ALMOST twice as many P plate drivers are being caught driving under the influence of drugs as those caught with alcohol in their system, latest figures show, despite only one in ten tests targeting drugs. And the number of drivers with provisional licences busted behind the wheel while drugged on cannabis, speed, or ecstasy has shot up 65 per cent in the past three financial years. Experts blame the trend on the rising drug use, teenage recklessness and a belief among young people that they are less likely to be caught driving high than drunk.
Last financial year, 431 provisional drivers were caught with prescribed drugs in their system, compared to 238 provisional drivers who were driving with a bloodalcohol level above zero. Youth psychologist Dr Michael CarrGregg said the surge in drug detections meant there was “a significant increase in the total number of young drivers behind the wheel when they are high’’ and that is “a huge concern’’ for all road users. “A proportion of them would think they are less likely to get caught drug driving than drink driving — but given a teen’s brain development, some also just don’t give a stuff,’’ Dr CarrGregg said.
“Many think it is easier to conceal from police that they are wired on drugs than smashed on alcohol.’’ Dr CarrGreg said that in some respects, drug drivers may be less of a danger than those who were smashed on booze. “But those using ice (methamphetamine) are highly agitated and it makes them lethal behind the wheel,’’ he said.
The Traffic Support Branch’s Superintendent Bob Fauser said it was “likely that the increase in drug drive detections reflects an increase in the usage of illicit drugs’’. He said the “increase for provisional licence holders is consistent with an overall increase in drug drive detections. Compared to drink driving, SAPOL’s drug driving regimen is relatively new and SAPOL’s tactics are becoming more effective over time.’’ Police conduct around 500,000 DUI tests each year, of which around one in ten involves drug detection.
Despite the ratio, Supt Fauser said SA police conduct “four times more drug testing per population than any other Australian jurisdiction’’. “It is unlikely that the average road user would understand whether that driver screening activity relates to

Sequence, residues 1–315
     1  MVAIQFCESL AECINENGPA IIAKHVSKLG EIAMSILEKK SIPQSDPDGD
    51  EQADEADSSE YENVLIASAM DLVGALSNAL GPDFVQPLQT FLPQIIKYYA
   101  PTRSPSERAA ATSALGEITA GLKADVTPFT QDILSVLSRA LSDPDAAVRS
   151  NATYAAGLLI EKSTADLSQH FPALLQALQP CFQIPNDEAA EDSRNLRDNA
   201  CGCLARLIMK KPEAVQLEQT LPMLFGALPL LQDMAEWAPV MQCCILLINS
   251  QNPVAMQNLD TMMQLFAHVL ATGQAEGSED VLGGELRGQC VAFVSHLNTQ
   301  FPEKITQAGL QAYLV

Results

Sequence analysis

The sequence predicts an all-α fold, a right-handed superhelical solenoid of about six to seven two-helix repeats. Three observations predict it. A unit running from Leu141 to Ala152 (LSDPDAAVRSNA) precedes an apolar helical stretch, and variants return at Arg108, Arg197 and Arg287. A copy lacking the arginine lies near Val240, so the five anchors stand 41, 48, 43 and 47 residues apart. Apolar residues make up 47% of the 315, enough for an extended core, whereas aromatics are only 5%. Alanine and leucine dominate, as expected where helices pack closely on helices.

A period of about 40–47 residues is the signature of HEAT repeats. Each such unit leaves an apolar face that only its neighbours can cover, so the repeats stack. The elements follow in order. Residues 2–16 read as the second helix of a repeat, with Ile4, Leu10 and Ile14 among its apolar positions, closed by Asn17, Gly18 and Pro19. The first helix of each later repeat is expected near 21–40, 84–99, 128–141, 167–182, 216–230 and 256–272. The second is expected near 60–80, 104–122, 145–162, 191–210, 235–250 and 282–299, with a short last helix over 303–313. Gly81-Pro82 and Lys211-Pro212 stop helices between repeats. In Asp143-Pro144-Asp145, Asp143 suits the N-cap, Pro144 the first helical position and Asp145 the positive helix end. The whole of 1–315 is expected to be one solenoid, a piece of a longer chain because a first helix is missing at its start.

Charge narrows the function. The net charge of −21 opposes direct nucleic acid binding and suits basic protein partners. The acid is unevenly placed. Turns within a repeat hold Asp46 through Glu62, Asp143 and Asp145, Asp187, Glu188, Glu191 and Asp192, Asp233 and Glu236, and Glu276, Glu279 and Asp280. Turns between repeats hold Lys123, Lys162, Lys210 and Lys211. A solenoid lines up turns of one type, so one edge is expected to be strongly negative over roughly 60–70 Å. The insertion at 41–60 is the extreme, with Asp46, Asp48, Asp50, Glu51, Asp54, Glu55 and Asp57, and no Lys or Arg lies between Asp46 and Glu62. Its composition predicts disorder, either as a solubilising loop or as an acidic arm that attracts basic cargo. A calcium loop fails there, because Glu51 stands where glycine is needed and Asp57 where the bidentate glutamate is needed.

alcohol, drug testing or both therefore there is a general deterrent effect.’’
While drug driving is on the rise, the number of P plate motorists caught drink driving has dropped 35 per cent in the last three financial years. The Centre for Automotive Safety Research said the difference in drug and drink driving detection rates
among young drivers could be due to perceived risks of getting caught. “In recent years there have been increased levels of drug testing but not to the extent of drink testing,’’ the centre’s expert in driver behaviour Matt Baldock said.
“The fall in drink driving could also reflect young people are latching on to the culture of don’t drink and drive ... and it is well accepted that drink drivers have poor vehicle control and a greater likelihood of crashing but the same thinking doesn’t hold with methamphetamine or cannabis use.’’
As well as welcoming the fall in P plate driver drink driving rates, Supt Fauser was also pleased fewer young motorists were breaking the speed limit. Speeding fines and cautions fell 17 per cent in the past three financial years, police data shows.
The number of Pplaters busted using a mobile phone has also fallen by 8 per cent in the same period. However, Supt Fauser said this may be because young drivers are more likely to use their mobile to text which is “not as visible to police as a driver holding a mobile phone to their ear’’. “Texting while driving can have an even greater negative impact on driving skills than voice calls, so it is important that police develop enforcement tactics that are able to detect texting while driving.’’
Figures also show 215 fines or cautions were issued for driving between midnight and 5am and 52 for driving with two or more passengers.
Source: The Advertiser